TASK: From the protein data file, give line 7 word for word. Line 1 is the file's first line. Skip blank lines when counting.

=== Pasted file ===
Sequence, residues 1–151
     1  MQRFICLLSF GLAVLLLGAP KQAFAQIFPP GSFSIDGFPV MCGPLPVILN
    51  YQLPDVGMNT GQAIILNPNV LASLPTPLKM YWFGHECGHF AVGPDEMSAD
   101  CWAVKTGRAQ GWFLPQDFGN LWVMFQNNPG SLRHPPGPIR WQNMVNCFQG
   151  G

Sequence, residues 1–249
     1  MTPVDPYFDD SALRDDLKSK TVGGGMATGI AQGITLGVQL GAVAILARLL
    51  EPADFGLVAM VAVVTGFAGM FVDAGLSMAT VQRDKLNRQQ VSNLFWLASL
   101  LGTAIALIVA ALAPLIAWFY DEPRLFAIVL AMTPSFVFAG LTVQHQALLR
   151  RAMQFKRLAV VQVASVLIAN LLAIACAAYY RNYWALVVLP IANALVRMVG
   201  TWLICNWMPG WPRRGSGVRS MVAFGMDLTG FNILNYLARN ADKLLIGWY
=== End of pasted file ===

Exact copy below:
     1  MTPVDPYFDD SALRDDLKSK TVGGGMATGI AQGITLGVQL GAVAILARLL